Abstract Blue crabs ( Callinectes sapidus ) are highly mobile, ecologically-important mesopredators that support multimillion-dollar fisheries along the western Atlantic Ocean. Understanding how blue crabs respond to coastal landscape change is integral to conservation and management, but such insights have been limited to a narrow range of habitats and spatial scales. We examined how local-scale to landscape-scale habitat characteristics and bathymetric features (channels and oceanic inlets) affect the relative abundance (catch per unit effort, CPUE) of adult blue crabs across a > 33 km 2 seagrass landscape in coastal Virginia, USA. We found that crab CPUE was 1.7 × higher in sparse (versus dense) seagrass, 2.4 × higher at sites farther from (versus nearer to) salt marshes, and unaffected by proximity to oyster reefs. The probability that a trapped crab was female was 5.1 × higher in sparse seagrass and 8 × higher near deep channels. The probability of a female crab being gravid was 2.8 × higher near seagrass meadow edges and 3.3 × higher near deep channels. Moreover, the likelihood of a gravid female having mature eggs was 16 × greater in sparse seagrass and 32 × greater near oceanic inlets. Overall, we discovered that adult blue crab CPUE is influenced by seagrass, salt marsh, and bathymetric features on scales from meters to kilometers, and that habitat associations depend on sex and reproductive stage. Hence, accelerating changes to coastal geomorphology and vegetation will likely alter the abundance and distribution of adult blue crabs, challenging marine spatial planning and ecosystem-based fisheries management.more » « less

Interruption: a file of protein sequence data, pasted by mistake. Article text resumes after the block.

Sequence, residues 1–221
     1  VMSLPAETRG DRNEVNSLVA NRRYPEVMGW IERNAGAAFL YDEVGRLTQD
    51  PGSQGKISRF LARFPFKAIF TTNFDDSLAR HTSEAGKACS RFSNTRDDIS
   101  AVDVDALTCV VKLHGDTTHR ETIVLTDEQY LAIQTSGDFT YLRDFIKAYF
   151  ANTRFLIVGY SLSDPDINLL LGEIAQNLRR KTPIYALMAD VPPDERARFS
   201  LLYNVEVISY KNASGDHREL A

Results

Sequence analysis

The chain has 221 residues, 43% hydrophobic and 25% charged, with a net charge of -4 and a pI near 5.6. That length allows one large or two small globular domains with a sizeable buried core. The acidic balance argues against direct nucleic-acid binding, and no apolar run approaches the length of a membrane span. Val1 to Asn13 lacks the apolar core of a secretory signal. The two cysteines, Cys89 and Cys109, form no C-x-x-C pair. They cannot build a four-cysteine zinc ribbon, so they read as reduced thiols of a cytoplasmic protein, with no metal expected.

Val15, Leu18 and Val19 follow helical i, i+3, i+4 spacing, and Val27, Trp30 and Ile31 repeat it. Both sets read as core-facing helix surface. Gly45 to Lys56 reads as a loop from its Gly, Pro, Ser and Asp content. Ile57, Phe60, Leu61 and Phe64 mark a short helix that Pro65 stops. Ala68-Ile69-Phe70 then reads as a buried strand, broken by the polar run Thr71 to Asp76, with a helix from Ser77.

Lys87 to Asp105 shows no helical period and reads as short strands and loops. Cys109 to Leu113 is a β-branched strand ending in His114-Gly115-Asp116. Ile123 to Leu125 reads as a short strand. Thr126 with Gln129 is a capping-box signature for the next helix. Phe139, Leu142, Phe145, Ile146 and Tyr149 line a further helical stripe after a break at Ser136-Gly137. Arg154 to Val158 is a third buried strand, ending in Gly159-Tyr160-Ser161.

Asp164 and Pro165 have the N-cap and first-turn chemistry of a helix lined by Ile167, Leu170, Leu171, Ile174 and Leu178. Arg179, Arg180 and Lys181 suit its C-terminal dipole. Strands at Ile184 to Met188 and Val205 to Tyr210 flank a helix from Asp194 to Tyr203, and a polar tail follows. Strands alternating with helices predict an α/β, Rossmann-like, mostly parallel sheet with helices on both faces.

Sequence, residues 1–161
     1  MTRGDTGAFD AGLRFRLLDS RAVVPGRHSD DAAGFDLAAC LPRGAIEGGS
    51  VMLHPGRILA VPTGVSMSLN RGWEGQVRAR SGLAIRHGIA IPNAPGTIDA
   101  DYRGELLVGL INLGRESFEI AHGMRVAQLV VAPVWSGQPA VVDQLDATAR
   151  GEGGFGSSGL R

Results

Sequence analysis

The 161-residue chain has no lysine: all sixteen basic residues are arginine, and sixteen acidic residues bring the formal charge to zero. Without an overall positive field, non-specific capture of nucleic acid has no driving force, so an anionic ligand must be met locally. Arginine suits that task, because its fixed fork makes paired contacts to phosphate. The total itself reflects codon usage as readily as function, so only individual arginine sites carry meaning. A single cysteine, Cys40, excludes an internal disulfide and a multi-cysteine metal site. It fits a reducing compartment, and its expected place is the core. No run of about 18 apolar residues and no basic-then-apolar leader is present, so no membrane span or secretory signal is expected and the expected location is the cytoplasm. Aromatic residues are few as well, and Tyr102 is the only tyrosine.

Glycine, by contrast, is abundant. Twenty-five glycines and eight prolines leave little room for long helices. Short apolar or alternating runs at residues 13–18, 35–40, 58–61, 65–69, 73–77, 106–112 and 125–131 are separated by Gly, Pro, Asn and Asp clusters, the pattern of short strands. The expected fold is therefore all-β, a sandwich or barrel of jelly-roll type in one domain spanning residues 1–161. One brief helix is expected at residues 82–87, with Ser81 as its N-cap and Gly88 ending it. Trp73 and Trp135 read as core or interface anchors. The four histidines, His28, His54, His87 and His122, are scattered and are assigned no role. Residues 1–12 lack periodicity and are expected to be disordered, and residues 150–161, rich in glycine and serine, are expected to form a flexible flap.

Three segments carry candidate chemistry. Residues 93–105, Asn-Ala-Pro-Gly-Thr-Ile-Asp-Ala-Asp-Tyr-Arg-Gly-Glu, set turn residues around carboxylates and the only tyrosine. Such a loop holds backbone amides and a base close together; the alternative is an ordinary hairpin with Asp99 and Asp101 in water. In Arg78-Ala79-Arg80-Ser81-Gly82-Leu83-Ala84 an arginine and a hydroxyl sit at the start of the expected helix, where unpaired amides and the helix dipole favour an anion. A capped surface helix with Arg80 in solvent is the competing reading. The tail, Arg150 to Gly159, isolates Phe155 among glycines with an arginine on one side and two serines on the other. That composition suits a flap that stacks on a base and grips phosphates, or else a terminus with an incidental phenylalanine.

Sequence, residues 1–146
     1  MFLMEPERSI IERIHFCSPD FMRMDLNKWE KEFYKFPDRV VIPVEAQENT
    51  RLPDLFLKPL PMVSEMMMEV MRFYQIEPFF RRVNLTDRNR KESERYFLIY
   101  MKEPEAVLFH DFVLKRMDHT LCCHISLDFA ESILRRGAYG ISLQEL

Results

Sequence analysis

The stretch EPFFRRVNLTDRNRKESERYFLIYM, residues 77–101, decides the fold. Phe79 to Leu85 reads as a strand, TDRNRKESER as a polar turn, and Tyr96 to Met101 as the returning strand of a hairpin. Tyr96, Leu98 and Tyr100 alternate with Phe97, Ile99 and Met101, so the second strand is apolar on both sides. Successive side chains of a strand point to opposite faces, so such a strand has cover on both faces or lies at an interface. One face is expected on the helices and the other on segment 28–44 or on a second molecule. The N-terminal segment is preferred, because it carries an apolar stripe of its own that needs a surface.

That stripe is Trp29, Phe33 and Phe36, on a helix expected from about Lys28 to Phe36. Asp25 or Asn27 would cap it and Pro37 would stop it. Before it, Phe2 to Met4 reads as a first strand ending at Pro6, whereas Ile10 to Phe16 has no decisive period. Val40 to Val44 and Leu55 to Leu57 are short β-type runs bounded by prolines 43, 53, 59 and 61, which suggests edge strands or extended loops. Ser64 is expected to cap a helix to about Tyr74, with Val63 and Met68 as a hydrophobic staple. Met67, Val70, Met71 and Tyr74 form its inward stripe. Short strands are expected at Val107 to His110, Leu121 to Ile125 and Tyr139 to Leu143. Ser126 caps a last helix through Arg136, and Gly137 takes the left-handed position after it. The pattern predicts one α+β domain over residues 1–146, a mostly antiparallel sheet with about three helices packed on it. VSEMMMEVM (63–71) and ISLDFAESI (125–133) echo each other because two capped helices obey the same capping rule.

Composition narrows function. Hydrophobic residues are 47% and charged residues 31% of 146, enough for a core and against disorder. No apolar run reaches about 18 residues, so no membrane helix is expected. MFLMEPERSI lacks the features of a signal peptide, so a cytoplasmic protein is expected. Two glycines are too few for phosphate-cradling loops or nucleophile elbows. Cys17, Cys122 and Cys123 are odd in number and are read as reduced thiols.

null (Ed.)Abstract Climate change is altering naturally fluctuating environmental conditions in coastal and estuarine ecosystems across the globe. Departures from long-term averages and ranges of environmental variables are increasingly being observed as directional changes [e.g., rising sea levels, sea surface temperatures (SST)] and less predictable periodic cycles (e.g., Atlantic or Pacific decadal oscillations) and extremes (e.g., coastal flooding, marine heatwaves). Quantifying the short- and long-term impacts of climate change on tidal marsh seascape structure and function for nekton is a critical step toward fisheries conservation and management. The multiple stressor framework provides a promising approach for advancing integrative, cross-disciplinary research on tidal marshes and food web dynamics. It can be used to quantify climate change effects on and interactions between coastal oceans (e.g., SST, ocean currents, waves) and watersheds (e.g., precipitation, river flows), tidal marsh geomorphology (e.g., vegetation structure, elevation capital, sedimentation), and estuarine and coastal nekton (e.g., species distributions, life history adaptations, predator-prey dynamics). However, disentangling the cumulative impacts of multiple interacting stressors on tidal marshes, whether the effects are additive, synergistic, or antagonistic, and the time scales at which they occur, poses a significant research challenge. This perspective highlights the key physical and ecological processes affecting tidal marshes, with an emphasis on the trophic linkages between marsh production and estuarine and coastal nekton, recommended for consideration in future climate change studies. Such studies are urgently needed to understand climate change effects on tidal marshes now and into the future.more » « less